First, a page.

Curators at the Harvard Art Museums are spending the summer installing works in the new Renzo Piano-designed building, which has significantly boosted the university’s ability to display its wide-ranging collections. They’re working toward November 16, the date when Harvard’s Fogg Art Museum, closed six years ago for renovation and expansion, reopens as part of a new entity uniting three previously separate university museums.
The long-awaited project will bring together under one roof for the first time the Fogg’s European and American artworks, the Busch-Reisinger Museum with art from Central and Northern Europe, and the Arthur M. Sackler Museum’s holdings of antiquities and Asian art. It adds 40 percent more exhibition space, a 300-seat theater, classrooms, and study and conservation centers—the latest in a growing string of museum designs by Piano’s firm, Renzo Piano Building Workshop.
Harvard invited journalists for an advance look at the building last month, but the galleries remained off limits because of installation work. These galleries will display Harvard’s internationally renowned collections, comprising about 250,000 objects dating from ancient times to the present day. Only a fraction of the collection will be on view at any time; the bulk of it is stored in the museum annex a few miles away in Somerville, Massachusetts. When it reopens, the new museum will devote an inaugural special exhibition to Mark Rothko’s newly restored “Harvard Murals,” a series of five large-scale paintings that Rothko did in 1962 for a Harvard University dining room a few years after completing another series intended for the Four Seasons restaurant in New York.
Piano retained the Fogg’s neo-Georgian red brick façade, which dates to 1927, as well as its central courtyard of travertine arcades. But the east-facing section of the building is entirely new, replacing a 1991 addition by Gwathmey Siegel & Associates. In its stead, Piano has created a mammoth rectangular box, clad in Alaskan cedar strips stained light gray that echoes New England-style wooden clapboarding found on a few neo-Colonial buildings sprinkling Harvard’s campus. The cedar strips are flat and crisp at the corners but other parts are deftly sculpted and torqued to add visual variation and interest to the horizontal cladding.
The museum stands just outside Harvard Yard, the array of quadrangles making up the historic core of the university founded in 1636. Looking from the Yard toward Piano’s renovated building, students and visitors clearly see a modern glass pyramid looming from behind the Fogg’s traditional brick front. The glazed peak signals the museum’s openness to the new, topping the central courtyard and bringing natural light into much of the structure.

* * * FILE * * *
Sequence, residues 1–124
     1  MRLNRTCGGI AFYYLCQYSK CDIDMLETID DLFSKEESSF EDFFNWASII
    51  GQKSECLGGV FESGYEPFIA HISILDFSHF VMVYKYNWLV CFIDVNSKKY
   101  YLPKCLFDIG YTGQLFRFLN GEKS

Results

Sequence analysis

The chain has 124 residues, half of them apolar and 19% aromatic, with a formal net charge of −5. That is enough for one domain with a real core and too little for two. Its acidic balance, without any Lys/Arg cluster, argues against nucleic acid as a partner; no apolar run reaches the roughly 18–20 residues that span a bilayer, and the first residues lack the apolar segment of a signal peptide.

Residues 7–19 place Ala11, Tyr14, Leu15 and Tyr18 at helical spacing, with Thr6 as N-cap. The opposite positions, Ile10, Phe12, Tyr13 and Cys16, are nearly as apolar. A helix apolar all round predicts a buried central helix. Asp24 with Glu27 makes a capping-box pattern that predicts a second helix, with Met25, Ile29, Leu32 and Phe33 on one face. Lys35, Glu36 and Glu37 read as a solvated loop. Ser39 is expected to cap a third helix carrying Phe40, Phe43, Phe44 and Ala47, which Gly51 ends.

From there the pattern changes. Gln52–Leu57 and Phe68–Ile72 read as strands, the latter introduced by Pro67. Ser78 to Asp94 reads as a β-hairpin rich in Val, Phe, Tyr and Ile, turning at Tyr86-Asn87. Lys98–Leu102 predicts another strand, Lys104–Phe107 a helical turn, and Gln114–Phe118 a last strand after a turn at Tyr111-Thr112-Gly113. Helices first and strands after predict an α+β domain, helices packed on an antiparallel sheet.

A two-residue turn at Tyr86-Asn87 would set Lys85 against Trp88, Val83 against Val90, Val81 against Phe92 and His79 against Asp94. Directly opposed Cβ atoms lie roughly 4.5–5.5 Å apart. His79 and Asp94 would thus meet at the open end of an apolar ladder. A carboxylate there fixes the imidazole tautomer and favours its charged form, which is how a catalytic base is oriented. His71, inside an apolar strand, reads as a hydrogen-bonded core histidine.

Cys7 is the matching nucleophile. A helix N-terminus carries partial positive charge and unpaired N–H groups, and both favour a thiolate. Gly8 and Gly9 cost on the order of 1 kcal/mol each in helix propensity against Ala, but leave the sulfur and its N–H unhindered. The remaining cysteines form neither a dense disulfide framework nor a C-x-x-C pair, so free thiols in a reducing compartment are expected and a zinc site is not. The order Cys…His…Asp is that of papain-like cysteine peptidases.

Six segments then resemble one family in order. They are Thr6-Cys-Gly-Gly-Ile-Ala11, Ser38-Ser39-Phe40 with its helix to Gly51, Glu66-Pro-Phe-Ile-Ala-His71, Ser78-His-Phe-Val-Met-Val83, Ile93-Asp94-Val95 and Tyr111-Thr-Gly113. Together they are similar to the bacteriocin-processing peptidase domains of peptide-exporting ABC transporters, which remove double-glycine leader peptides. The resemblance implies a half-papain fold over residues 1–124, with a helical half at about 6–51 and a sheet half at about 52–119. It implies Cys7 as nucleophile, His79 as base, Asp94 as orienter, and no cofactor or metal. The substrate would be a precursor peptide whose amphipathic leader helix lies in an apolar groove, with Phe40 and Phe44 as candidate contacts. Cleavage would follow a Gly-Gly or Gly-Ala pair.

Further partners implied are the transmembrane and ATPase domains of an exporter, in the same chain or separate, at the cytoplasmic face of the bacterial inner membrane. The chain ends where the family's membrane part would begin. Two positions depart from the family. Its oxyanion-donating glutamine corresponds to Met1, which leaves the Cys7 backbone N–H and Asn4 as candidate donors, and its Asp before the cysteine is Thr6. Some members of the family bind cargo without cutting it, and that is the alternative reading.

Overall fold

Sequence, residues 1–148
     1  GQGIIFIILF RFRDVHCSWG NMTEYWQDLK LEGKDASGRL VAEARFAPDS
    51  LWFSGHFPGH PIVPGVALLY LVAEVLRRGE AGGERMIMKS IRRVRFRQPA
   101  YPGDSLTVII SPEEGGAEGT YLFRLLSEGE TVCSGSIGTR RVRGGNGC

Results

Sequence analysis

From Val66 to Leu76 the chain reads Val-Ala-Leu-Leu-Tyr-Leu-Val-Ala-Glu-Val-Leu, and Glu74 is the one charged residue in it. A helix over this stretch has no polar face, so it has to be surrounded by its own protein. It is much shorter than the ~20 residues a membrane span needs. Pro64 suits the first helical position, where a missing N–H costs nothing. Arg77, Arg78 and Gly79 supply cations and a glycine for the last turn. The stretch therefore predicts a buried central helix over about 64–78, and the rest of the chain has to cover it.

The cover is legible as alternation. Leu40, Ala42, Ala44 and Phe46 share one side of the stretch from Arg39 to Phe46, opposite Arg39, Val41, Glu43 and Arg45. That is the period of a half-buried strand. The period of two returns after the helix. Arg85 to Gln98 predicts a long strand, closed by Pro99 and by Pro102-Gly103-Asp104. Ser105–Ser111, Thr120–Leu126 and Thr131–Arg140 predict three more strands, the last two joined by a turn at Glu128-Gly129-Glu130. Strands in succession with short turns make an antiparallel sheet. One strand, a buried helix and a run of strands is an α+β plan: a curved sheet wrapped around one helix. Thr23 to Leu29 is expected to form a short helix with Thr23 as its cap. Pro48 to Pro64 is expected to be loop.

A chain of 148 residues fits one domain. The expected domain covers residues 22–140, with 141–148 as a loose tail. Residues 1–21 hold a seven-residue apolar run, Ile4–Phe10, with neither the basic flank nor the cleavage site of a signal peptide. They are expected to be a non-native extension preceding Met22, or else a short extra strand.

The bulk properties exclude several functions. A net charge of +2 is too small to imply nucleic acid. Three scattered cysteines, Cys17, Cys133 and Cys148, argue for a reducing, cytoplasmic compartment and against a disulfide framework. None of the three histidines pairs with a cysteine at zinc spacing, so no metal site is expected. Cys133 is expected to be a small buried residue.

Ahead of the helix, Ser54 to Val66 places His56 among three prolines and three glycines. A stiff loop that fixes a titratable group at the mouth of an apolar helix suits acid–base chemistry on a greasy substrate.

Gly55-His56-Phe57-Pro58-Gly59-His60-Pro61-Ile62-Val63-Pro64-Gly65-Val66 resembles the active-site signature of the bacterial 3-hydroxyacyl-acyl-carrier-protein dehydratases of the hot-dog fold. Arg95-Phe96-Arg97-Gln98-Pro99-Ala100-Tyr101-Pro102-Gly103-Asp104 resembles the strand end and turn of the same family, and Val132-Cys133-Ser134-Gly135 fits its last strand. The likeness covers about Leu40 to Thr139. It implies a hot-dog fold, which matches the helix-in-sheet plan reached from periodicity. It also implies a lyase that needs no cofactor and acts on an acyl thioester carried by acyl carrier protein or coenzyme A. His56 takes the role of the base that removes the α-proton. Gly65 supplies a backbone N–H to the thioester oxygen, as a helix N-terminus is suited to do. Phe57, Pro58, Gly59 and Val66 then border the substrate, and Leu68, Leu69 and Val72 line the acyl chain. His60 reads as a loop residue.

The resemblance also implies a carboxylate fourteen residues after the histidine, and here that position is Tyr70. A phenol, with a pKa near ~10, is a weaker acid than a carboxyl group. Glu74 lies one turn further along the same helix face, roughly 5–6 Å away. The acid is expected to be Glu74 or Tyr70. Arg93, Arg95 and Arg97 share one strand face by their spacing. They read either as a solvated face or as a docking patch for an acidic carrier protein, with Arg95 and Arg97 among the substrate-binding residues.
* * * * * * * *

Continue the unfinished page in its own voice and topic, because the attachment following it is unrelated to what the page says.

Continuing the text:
Like many university campuses, Harvard’s consists of a disparate array of architectural styles so that Piano faced a challenge in filling the site. And increasing this challenge was the direct adjacency of Le Corbusier’s only building in the United States and his last major structure, the Carpenter Center for Visual Arts, a startling form of sculptured gray concrete that has won both admiration and loathing.
“Two elephants copulating,” is how the Carpenter Center is described according to an oft-told Harvard jab. When the building opened in 1963, New York Times critic Ada Louise Huxtable wrote that it “violates the street and scandalizes the neighborhood” but “manages to make everything around it look stolid and stale.”
After Le Corbusier’s Carpenter Center was wedged onto a narrow plot and unveiled half a century ago, Harvard’s then president, Nathan Pusey, said university board members wanted to take up a collection to speed the growth of ivy across its façade to cover it up. Despite the Ivy League setting, such tendrils were never allowed to conceal Le Corbusier’s creation. But today its new neighbor is getting a turn in the limelight as Piano’s design garners comments on the Harvard Magazine website like: “Is this really the best that Harvard could do?” and “How very ugly.”
Although Piano has become the leading museum architect of our age, his designs for U.S. cultural institutions have received a mixed critical response. The Menil Collection in Houston, the Nasher Sculpture Center in Dallas and his addition to the Isabella Stewart Gardner Museum in Boston have been widely admired, but projects like the Morgan Library & Museum in New York and an addition to the Los Angeles County Museum of Art have received less acclaim.